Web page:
Neil Cox, chief customer officer for Fairfield, N.J.-based Schuman Cheese, says “unique twists” on classic cheeses have enticed those looking for something extra special in their home-cooked meals.
“With entertaining being drastically reduced, people have also found little luxuries in specialty cheese such as Cello Copper Kettle or one of our curated Cheese Flights,” he adds. “The landscape is drastically different than past years, but we have found that consumers and operators alike are still connecting with each other through good food and quality cheese.”
Many consumers have turned cooking at home into a social occasion. According to Shannon Maher, vice president of marketing at Bel Brands USA, Chicago, 2019 was the year of “on-the-go snacking,” and 2020 has become the year of “social snacking.”
“We have seen an increased demand for homemade ingredients versus ready-to-eat [products], resulting in positive growth for dairy and [for] some of our entertaining and local brands like Boursin, Kaukauna, Merkts, Price*s and Owl’s Nest,” she adds.
This year, Bel Brands added two products under its brands that are ideal for entertaining. Its Kaukauna Rosé White Cheddar cheese ball is a 10-ounce offering made with quality aged white cheddar blended with a refreshing semi-sparkling rosé wine. Each ball is covered in a crunchy almond coating for a delightful combination of unique flavors and texture, Bel Brands says.
The company also debuted Boursin Fig & Balsamic — a limited-edition holiday flavor. The offering combines creamy, crumbly cheese with the rich, complex sweetness of balsamic and notes of fig. According to Bel Brands, the cheese is perfect with crackers, charcuterie and accoutrements or can be added to “show-stopping” appetizers for a refined finish.
Jinny Lam, director, cheese for Tillamook County Creamery Association, Tillamook, Ore., says in-home entertaining/consumption is a potential growth area for the cheese category. She thinks that companies should look into developing products that make “entertaining/snacking at home easier,” ones that “enable more vegetable consumption using cheese as a flavor and texture boost,” and offerings that recreate cheese-forward restaurant dishes at home.
To meet this demand, Tillamook is launching cracker-cut cheese early next year. The line will include Tillamook’s sharp cheddar, extra sharp cheddar and pepper jack cheeses “pre-cut in a peel-and-reseal package for snacking in or out of the home, or as a simple way to entertain,” Lam explains.
And newly created company Board At Home, Willows, Calif., jumped on the home entertainment trend, launching curated kits of artisanal cheese and charcuterie with next-day delivery in the continental United States. Currently available in three sizes, Board at Home kits feature an assortment of small-batch handcrafted cheeses, charcuterie, crackers, jam, nuts and other accompaniments sourced from a rotating selection of California-based makers and artisans that use ethically sourced ingredients and sustainable practices.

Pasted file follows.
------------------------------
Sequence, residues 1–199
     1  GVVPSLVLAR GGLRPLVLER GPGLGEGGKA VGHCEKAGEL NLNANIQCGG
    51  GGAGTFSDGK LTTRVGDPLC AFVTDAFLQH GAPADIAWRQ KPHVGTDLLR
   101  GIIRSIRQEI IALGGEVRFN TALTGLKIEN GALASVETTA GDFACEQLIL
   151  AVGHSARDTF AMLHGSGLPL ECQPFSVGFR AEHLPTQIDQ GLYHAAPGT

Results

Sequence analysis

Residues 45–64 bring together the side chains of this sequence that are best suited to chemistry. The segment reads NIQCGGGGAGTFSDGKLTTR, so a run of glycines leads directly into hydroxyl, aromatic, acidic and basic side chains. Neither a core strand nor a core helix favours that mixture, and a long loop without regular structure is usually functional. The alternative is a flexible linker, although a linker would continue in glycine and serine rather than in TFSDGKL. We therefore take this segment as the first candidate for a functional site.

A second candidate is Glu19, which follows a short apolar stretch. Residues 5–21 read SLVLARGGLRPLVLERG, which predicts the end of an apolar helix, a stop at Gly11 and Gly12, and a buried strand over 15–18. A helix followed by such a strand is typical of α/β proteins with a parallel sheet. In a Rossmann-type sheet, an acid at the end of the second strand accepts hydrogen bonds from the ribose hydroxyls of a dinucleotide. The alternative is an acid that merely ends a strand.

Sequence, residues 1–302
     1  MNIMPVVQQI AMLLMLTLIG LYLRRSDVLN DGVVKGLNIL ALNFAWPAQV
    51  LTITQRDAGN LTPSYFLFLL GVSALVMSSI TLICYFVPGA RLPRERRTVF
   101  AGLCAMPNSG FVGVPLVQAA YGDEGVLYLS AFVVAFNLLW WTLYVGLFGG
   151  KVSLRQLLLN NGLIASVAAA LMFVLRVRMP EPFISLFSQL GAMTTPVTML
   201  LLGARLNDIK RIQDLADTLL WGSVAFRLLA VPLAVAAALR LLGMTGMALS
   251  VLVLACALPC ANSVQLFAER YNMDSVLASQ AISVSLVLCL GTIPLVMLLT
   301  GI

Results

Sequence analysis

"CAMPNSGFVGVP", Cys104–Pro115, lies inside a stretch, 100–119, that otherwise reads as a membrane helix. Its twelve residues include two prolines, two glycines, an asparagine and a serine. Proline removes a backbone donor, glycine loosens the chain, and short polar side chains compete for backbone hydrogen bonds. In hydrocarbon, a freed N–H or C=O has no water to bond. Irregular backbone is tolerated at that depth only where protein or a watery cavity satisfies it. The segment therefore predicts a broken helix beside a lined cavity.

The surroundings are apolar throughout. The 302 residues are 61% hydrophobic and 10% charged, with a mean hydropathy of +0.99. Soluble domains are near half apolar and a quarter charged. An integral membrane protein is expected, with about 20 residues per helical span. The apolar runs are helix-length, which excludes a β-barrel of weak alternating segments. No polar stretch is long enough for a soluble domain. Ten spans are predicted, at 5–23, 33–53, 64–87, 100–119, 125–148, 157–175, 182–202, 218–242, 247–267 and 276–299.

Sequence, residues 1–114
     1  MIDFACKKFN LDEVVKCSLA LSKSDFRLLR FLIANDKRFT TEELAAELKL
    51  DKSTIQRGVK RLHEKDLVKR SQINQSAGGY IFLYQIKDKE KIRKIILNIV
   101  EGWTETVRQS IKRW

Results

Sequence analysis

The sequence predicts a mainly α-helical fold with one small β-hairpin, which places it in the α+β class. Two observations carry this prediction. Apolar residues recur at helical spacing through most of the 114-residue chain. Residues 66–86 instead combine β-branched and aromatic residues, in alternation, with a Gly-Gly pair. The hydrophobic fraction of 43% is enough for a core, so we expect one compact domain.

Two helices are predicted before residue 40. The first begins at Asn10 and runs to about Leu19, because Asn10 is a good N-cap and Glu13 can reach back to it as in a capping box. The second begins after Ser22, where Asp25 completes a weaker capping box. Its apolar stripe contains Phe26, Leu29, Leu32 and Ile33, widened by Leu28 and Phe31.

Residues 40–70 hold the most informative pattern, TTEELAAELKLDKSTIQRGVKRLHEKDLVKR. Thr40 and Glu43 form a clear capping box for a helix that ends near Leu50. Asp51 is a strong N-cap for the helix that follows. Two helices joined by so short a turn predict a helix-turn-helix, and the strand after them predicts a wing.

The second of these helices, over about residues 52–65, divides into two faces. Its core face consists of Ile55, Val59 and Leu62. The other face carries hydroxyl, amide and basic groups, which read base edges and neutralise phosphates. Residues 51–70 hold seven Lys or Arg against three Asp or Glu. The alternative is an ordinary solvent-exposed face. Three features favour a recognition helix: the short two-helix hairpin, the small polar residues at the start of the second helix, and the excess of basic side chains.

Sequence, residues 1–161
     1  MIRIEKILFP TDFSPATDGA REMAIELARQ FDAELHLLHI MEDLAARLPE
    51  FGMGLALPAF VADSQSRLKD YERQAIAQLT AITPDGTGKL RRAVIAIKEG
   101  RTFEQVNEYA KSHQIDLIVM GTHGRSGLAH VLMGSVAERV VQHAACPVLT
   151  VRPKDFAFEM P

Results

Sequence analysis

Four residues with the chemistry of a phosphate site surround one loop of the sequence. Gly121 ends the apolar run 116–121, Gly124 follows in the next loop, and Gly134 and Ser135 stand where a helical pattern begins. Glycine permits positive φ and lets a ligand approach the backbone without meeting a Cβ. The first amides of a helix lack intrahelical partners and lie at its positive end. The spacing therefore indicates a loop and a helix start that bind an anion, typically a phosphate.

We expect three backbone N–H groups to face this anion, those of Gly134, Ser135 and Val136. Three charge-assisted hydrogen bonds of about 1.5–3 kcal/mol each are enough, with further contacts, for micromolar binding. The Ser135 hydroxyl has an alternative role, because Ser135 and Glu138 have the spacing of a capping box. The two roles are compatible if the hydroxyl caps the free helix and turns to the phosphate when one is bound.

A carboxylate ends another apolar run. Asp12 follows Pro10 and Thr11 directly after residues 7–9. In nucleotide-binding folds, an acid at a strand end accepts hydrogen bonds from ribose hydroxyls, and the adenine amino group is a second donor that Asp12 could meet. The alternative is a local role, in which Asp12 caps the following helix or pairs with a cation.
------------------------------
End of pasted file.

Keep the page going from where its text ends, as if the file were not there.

Somersaulting for new formats
With consumers moving away from three meals a day to smaller, more frequent bites, new formats of cheese are a growth area for the cheese category, says the Packaged Facts division of Rockville, Md.-based MarketResearch.com in its “U.S. Food Market Outlook 2020: Home Cooking, Grocery Shopping & Food Trends in the Age of Coronavirus” report.
“Increasing format varieties — including versions targeting snacking (fun shapes/forms for kids) and cooking (shredded cheese deigned for specific meal types and sauces) — will generate opportunities,” the report notes.
According to Maher, cheese companies are creating products that respond to consumers’ changing lifestyles and eating habits such as “portable cheese options for on-the-go snacking.”
Easy-to-use formats, in particular, really resonated with consumers this year, says Cox.
“Many of us multitask on a daily basis, but this year — with all of its challenges — brought a new meaning to the phrase,” he adds. “The need to streamline mealtime and make it as delicious and easy as possible led to many changes in the way the dairy and deli aisles look.”
For its part, Lioni Latticini Inc. created a new, convenient format of its fresh mozzarella cheese. The pre-sliced mozzarella logs come in an easy-to-open package with a fresh new look. Sliced into 21 pieces, the creamy mozzarella is quick and easy to add to any classic sandwich or caprese salad, the Union, N.J.-based company says.
Consumers are looking for convenience and portability — especially in cheese snacks, says Pellegrino. Sargento introduced Snack Bites and Balanced Breaks to address these needs.